Medical complaints are piling up, and watchdog reforms can’t cure this, chief of Hong Kong doctors’ group says
Medical Association president doubts whether the more than 770 cases could be cleared in a year, as some lawmakers suggested
A lack of experienced doctors available to investigate medical complaints means the professional watchdog responsible for policing 14,000 local practitioners would still be unable to handle the backlog, according to a veteran Medical Association leader.
With 770 cases still under investigation, Dr Gabriel Choi Kin, the Hong Kong Medical Association president and a former chairman of the council’s preliminary investigation committee, doubts whether these cases could be cleared in a year, as some lawmakers have suggested.
On Wednesday the Legislative Council passed a bill to reform the Medical Council, which among others things would increase the regulatory body’s members to 32, from 28. The new ordinance will be gazetted on April 6 to take effect.
The Medical Council, chaired by Professor Joseph Lau Wan-yee, on Thursday said in a statement it welcomed the passage of the Medical Registration (Amendment) Bill 2017 and “will make necessary arrangements to implement the new law”.
“Under the new law, more than one Preliminary Investigation Committee could be established, and more than one inquiry panel could be set up to conduct the inquiries in parallel. These could improve the efficiency of the council in handling complaints,” the council said.
Some 500 new cases are reported every year and patients face a six-year wait for a hearing. The reform aims to restore public trust in the Medical Council, which has long been criticised for operating as a closed shop and taking too long to process complaints.
As well as doubting the council’s ability to clear the backlog, Choi has expressed worries about finding a suitable candidate to chair the committee, which is responsible for investigating every complaint and deciding whether a hearing should be held.
“The chairman and vice-chair of the committee need to be very experienced to handle the various complaints,” said Choi, who resigned as committee chairman in 2016, saying “the workload is killing everyone”.
Aside from retired professors in the council, most other doctors had their own work and it would be “considerably difficult” to find suitable candidates for the committee given its massive workload, Choi said.
“They need to handle and be knowledgeable about anything from obstetrics to paediatrics to make the right decision at the preliminary investigation stage, otherwise cases will just continue to accumulate.”
Tim Pang Hung-cheong, a patients’ rights advocate from the Society for Community Organisation, said he agreed with the government’s estimate that the backlog could be dealt with in three years.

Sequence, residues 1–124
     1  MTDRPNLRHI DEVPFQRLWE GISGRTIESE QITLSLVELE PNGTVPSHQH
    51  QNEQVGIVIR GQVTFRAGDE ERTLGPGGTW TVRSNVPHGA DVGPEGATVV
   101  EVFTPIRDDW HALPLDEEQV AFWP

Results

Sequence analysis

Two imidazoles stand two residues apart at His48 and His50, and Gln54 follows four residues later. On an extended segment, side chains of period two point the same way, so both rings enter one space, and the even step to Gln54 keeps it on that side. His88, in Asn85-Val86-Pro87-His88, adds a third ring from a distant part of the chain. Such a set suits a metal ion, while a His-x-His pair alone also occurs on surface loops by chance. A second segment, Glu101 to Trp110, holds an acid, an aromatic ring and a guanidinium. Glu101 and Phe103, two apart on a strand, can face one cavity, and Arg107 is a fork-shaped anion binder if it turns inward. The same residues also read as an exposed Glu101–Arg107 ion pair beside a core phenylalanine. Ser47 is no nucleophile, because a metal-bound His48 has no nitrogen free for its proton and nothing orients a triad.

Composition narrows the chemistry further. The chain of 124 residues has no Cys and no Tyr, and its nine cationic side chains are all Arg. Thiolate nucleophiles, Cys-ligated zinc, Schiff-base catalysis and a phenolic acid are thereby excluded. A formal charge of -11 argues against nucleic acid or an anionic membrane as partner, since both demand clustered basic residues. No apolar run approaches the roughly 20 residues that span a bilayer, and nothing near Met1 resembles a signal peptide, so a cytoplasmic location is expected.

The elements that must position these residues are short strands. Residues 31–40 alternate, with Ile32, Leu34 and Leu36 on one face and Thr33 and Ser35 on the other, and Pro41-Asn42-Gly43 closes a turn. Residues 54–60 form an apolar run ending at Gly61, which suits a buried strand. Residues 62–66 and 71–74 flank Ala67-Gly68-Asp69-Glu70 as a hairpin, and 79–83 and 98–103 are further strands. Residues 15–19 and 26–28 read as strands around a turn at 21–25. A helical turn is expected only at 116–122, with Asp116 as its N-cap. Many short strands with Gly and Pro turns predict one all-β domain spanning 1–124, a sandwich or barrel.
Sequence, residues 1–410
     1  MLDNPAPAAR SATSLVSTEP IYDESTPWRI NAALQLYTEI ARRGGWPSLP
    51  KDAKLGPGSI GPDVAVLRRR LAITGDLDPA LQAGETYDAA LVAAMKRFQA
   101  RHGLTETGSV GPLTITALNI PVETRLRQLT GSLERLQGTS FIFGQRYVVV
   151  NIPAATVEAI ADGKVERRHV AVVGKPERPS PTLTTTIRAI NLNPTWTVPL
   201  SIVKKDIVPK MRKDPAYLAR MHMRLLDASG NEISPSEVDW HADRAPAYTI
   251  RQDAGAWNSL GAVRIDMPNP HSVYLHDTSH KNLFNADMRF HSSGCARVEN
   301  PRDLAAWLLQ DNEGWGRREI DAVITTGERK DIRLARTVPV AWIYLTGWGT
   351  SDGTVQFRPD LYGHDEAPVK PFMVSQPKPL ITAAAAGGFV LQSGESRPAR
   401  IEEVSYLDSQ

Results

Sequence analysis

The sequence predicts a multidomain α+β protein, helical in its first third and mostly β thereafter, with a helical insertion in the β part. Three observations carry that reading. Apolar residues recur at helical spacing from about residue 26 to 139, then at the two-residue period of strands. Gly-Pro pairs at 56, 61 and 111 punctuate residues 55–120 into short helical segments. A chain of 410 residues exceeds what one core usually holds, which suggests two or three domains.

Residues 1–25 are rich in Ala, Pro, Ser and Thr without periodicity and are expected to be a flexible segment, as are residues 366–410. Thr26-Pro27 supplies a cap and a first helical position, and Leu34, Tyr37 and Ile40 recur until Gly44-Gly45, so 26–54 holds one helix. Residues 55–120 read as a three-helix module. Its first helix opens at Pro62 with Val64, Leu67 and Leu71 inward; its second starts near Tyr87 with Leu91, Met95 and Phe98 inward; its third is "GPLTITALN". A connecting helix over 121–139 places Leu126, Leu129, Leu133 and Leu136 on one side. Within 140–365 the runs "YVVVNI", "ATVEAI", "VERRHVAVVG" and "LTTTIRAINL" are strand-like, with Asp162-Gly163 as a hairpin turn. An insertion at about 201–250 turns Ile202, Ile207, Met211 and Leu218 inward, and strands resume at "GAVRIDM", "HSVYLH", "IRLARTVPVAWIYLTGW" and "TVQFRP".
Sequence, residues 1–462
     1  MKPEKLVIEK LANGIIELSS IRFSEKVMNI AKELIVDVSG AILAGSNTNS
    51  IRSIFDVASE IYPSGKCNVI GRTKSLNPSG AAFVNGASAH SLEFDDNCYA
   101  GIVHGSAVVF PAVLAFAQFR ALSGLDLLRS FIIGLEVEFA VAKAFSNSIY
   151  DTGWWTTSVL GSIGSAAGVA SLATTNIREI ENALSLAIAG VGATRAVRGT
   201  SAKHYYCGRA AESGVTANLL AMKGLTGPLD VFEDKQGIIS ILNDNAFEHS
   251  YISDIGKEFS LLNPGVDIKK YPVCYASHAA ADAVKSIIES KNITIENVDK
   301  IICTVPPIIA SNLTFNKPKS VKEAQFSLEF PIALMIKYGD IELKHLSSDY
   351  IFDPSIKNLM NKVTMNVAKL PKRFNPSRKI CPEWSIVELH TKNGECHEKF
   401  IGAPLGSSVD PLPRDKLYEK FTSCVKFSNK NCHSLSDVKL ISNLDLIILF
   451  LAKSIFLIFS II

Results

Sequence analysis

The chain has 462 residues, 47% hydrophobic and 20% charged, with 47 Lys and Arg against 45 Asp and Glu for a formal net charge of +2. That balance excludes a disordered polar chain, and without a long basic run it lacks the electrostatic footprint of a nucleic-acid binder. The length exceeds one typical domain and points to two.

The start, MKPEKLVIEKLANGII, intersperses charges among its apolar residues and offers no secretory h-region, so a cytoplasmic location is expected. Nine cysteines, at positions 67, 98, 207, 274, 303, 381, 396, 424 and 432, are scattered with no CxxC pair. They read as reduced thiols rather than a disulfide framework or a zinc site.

“Before there was maybe only one team that could deal with the complaints, but now there are more people to handle them. It shouldn’t be a problem,” Pang said.
“We still might have to wait a while for new cases to be dealt with, but I believe the process can be shortened from the current six years to two.”
The reform suffered a major setback in 2016 following a protest by doctors who were against the original proposal of having too many government appointees on the council as opposed to elected members, as it would undermine the professional autonomy of the independent body.
Under the new plan, four more lay members will be added to the existing four in the council – with three from patients’ groups and one from the Consumer Council. None of the four will be appointed by the city’s chief executive, unlike in the rejected proposal.
Although the reform would help speed up the much delayed process of handling complaints, other concerns still remained.
Choi said there were still improvements that could be made, such as increasing manpower for the council’s secretariat so they can directly deal with the public or patients.
“Council members have restrictions in liaising with patients directly, but if we could hire more people for the secretariat, they could directly tell them what the problem was, what additional information needed to be submitted. That would help solve a lot of problems,” Choi said.
Singer Peter Cheung Shung-tak and his wife, former actress Eugina Lau Mei-kuen, who spent nine years in an uphill battle with the council for justice over the death of their newborn son in 2005, also expressed confidence that the reform would expedite procedures, but said one bottleneck that still remained was relying on members of the public to come forward with sufficient evidence.
Council members cannot approach health care staff directly for investigation purposes at the preliminary stage – they are only allowed to ask hospitals for medical records.
“As a regular citizen, I have no medical knowledge, I have no way of knowing what’s right or wrong. How is it possible that they ask a regular citizen to use such a long time to collect evidence?” Cheung said.
In a separate statement, the Academy of Medicine, the specialists’ training body, which would receive two more elected seats on top of its two existing appointed positions in the council, said it would be “ready to act accordingly”.
Doctors convicted of criminal acts also are brought before the Medical Council.